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How much does your boss earn?

Increasing shareholder activism and a perceived disconnect with performance has put pay back in the spotlight

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The issue of executive pay has long been a contentious one. Ever since the nineteenth century, when the robber barons of the US began accumulating wealth at an astonishing rate, outstripping their workers’ wage rises by huge multiples, how much the boss gets paid has been a source of controversy.

But for many years through the recent boom, it fell down the agenda. Businesses were, on the whole, enjoying healthy growth, workers’ wages were rising, so what was the problem if the chief executive and CFO both banked healthy bonuses on top of rising base salaries?

Financial service firms, in particular, appeared to be locked into an arms race of bonuses, with each competing to see which of their ‘masters of the universe’ directors had the biggest package.

But that was then. Post-crash, the issue of executive pay, and especially bonuses, has returned to the fore. The sight of banking chief executives hauled before select committees to explain quite why they awarded themselves such huge bonus packages while headcounts were slashed and billions wiped off share values has become commonplace. Meanwhile corporate failures on the scale of the BP Gulf spill seemed to fly in the face of continued increases in bonuses.  

For CFOs, the fallout was a little less public, but the scrutiny that followed the banking crisis has meant that shareholders are now far more likely to read remuneration reports than they once were. And for many, the experience will be a sobering and frustrating experience.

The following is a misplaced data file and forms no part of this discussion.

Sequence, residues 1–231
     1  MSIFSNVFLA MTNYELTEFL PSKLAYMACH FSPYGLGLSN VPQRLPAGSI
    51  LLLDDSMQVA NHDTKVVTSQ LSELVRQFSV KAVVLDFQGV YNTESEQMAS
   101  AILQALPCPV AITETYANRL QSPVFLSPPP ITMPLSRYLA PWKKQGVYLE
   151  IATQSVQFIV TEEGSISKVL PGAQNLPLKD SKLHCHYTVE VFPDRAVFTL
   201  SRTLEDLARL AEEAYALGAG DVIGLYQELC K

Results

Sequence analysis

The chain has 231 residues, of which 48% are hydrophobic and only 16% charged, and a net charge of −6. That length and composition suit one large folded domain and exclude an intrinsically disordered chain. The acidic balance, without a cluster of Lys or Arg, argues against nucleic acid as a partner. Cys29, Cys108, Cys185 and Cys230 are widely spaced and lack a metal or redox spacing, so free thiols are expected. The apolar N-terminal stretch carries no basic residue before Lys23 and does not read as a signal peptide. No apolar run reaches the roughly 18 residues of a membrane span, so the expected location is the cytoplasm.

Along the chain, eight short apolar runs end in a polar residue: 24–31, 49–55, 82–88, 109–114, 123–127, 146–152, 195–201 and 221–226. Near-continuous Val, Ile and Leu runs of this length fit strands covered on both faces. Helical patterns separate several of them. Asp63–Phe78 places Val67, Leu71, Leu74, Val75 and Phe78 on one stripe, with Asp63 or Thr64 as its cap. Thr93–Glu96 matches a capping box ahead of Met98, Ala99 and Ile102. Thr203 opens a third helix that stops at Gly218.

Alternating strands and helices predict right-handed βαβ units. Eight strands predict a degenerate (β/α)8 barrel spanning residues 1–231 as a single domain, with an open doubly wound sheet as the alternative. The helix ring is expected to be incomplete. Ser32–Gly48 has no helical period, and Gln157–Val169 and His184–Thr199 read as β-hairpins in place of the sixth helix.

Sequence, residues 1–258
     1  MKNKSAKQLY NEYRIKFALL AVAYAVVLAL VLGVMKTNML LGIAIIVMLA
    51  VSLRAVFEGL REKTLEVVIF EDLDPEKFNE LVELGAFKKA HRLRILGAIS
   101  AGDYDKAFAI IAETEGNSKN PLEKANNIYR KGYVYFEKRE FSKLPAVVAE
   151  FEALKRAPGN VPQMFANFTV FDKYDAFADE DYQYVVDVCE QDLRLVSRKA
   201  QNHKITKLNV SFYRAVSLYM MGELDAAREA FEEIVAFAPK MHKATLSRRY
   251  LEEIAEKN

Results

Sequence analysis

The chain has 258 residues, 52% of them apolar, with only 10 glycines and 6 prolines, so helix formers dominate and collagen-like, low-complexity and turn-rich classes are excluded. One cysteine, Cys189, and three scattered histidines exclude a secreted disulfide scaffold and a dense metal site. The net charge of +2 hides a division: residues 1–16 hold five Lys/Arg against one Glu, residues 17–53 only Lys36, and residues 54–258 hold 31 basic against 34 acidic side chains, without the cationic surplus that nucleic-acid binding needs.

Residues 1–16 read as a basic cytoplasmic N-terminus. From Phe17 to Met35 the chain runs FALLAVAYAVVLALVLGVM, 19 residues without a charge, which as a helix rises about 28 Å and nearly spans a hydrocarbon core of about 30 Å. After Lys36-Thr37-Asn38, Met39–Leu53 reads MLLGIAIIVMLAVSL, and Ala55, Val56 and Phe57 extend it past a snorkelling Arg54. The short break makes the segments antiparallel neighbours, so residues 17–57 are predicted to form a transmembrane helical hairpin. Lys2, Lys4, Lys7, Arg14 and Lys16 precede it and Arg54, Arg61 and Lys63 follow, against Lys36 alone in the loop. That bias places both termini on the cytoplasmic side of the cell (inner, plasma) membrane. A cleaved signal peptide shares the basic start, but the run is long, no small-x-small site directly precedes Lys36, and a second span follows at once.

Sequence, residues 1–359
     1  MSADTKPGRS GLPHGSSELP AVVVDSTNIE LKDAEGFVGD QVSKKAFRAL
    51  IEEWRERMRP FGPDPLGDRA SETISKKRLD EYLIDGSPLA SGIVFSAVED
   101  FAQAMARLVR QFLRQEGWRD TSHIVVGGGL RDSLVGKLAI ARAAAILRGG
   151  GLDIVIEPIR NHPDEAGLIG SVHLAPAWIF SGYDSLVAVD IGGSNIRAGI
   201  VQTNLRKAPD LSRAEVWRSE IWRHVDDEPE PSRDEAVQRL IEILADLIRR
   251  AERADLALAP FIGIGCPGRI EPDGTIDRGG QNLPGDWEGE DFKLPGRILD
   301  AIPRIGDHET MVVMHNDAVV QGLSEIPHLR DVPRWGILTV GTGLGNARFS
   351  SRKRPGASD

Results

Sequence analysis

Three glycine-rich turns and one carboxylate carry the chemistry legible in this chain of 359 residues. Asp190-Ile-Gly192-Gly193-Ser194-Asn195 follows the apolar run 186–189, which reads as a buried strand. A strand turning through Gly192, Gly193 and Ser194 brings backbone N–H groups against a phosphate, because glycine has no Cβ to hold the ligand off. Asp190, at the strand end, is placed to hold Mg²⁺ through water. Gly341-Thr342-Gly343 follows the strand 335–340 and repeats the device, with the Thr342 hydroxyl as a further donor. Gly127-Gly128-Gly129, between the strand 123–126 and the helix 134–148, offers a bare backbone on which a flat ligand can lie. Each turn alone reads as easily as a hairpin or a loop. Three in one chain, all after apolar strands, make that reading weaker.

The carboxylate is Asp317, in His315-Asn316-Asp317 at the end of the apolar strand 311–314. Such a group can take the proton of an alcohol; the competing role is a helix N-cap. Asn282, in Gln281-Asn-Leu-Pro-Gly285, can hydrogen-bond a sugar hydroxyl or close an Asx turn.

Shareholder mood swings

For executives looking for their next job, there is no doubt that times have changed. “They have to be aware of shareholders’ mood as well as corporate strategy: remuneration committees are keen not to increase remuneration costs at the moment, and that has had the effect of keeping increases low,” says Peter Smith, partner at leading headhunters Kepler Associates. “As a result, we’ve seen that salary increases of about 3 percent this year for senior execs.”

And those that are awarding bonuses are also under increasing pressure to improve how they explain and communicate the criteria behind incentive awards. There is clearly some way to go. “We have remuneration reports that are quite often more like compliance reports,” says Sean O’Hare, reward partner at PwC. “They give a lot of information, true, but it’s not a communication exercise, but more a box ticking one.”

O’Hare speaks with experience, having just overseen the publication of PwC’s latest remuneration survey that has looked at the top 350 public companies in the UK. The findings show that salary increases are likely to remain modest in 2011, hovering around 3 percent. However, this is presenting a challenge for some companies in terms of managing employee expectations in a higher inflationary world.

In that context, the significance of the annual bonus and long term incentive plans has increased. There have been suggestions that executives are now beginning to look at the bonus as a way of circumnavigating the hostility of shareholders to major increases in executive salaries.

Peter Smith, a partner at management consultants Kepler associates, says that while there is downward pressure on salaries at the top, most firms are taking a cautious approach to bonus packages. “Whether bonuses are being used to compensate for sluggish growth in salaries, I haven’t seen that trend emerging strongly, though there are always exceptions to the rule,” he says.

“However, we have seen the structure of bonuses becoming more based on discretion. So the typical bonus plan will be 75 percent-based on a set formula and 25 percent on discretion. And the formula will be a profit or cash flow measure and the discretionary element will be at the direction of the board, often based around personal objectives that are non-financial in their nature.”


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